There’s been a long-term trend of growing numbers of Londoners quitting the capital to afford a home elsewhere - and typically the leavers are now younger than ever before.
Data from Countrywide’s upmarket Hamptons International brand shows that Londoners left the capital and purchased 73,000 homes elsewhere in 2019 - far higher than the 41,900 who took that route a decade earlier.
The average Londoner spent £358,650 on their new home outside the capital, equating to a collective total of £26.2 billion over 2019.
This is actually a decrease from £29.6 billion in 2018 and less than the £36.6 billion recorded in 2007 when the number of homes bought by London leavers reached a record high - but the overall trend is much higher than a decade ago.
Hamptons also says that affordability barriers in the capital mean people are leaving London at a younger age - and is now the lowest on record.
The average Londoner purchasing a home outside the capital in 2019 was 39 years old, some eight years younger than in 2009 and four years younger than in 2015.
While many take advantage of being able to buy larger homes for their money, for others leaving London is the only way of getting onto the housing ladder.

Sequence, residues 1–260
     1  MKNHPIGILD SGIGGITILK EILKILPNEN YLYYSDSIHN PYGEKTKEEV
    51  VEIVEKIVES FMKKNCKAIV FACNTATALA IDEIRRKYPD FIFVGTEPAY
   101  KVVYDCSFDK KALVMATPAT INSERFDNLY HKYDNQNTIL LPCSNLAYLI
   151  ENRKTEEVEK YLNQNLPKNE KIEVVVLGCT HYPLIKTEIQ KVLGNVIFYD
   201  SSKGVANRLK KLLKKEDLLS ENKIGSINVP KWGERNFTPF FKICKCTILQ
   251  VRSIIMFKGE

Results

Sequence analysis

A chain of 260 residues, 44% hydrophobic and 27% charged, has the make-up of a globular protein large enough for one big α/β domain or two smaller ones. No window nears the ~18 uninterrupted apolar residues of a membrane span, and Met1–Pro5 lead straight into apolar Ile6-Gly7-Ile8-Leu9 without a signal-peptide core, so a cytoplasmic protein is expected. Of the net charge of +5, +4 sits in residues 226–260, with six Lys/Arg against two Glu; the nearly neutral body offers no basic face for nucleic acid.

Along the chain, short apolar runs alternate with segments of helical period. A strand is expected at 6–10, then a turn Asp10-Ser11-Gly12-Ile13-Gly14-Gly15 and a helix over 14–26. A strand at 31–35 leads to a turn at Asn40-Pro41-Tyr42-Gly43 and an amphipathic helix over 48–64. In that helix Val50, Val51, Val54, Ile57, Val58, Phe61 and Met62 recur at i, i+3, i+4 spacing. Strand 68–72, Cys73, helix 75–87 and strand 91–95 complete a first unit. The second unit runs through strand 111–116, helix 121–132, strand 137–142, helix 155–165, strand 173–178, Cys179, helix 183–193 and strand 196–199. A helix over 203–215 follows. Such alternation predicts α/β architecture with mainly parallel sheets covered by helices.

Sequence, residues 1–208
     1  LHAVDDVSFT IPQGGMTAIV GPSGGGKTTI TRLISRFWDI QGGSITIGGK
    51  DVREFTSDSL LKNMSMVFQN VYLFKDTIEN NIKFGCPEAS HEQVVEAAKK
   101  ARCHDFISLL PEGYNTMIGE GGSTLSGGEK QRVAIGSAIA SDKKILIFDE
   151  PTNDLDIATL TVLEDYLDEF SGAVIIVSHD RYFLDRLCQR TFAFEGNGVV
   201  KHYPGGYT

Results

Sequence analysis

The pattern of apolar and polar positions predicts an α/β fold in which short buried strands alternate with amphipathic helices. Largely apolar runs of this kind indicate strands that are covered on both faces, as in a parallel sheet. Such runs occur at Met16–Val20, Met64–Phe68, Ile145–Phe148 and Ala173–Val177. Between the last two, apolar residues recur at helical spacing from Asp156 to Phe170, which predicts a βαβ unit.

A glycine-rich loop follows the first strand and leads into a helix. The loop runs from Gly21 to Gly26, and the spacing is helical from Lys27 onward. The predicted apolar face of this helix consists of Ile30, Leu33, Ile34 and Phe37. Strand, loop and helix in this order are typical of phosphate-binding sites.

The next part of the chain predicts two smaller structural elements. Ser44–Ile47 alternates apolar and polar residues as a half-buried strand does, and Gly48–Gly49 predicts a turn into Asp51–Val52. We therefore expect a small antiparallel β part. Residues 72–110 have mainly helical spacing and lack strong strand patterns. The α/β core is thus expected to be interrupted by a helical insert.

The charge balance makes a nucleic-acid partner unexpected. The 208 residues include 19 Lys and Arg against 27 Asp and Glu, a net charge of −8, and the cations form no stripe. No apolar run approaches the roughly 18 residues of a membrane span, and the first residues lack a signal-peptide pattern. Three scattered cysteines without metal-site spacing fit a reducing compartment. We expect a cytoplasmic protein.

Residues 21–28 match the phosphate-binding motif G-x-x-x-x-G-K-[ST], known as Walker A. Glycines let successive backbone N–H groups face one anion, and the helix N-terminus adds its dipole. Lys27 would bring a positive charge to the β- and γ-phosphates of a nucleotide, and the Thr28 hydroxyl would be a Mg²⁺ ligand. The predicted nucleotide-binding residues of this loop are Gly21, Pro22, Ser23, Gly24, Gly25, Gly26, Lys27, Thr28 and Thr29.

Some 24 per cent of Londoners who purchased a home outside the capital in 2019 were first time buyers.
This is an increase from 22 per cent in 2016 and is considerably higher than the 14 per cent recorded in 2013.
Most London leavers stay in the South of England, but the trend is that they are moving further from the capital.
Some 69 per cent of Londoners purchasing homes outside the capital in 2019 bought in the South East, South West or East of England - the South East was, predictably, the most popular.
However, affordability barriers in the South have resulted in more London leavers moving to the Midlands and North of England.
In 2019, a record 13 per cent of London leavers bought homes in the North of England.
The proportion of Londoners heading to the North East, North West or Yorkshire and Humber has been rising at a significant rate over the last decade: in 2009, by contrast, just one per cent of London leavers bought homes in the North.
The Midlands has seen a similar increase in London buyers. Last year, 15 per cent of London leavers bought a home in the Midlands, up from 12 per cent in 2016 and five per cent in 2009.
“Historically most homeowners leaving London did so for lifestage reasons and to take advantage of being able to buy a larger home, but for others, leaving London is the only way of getting onto the housing ladder” explains Aneisha Beveridge, head of research at Hamptons International.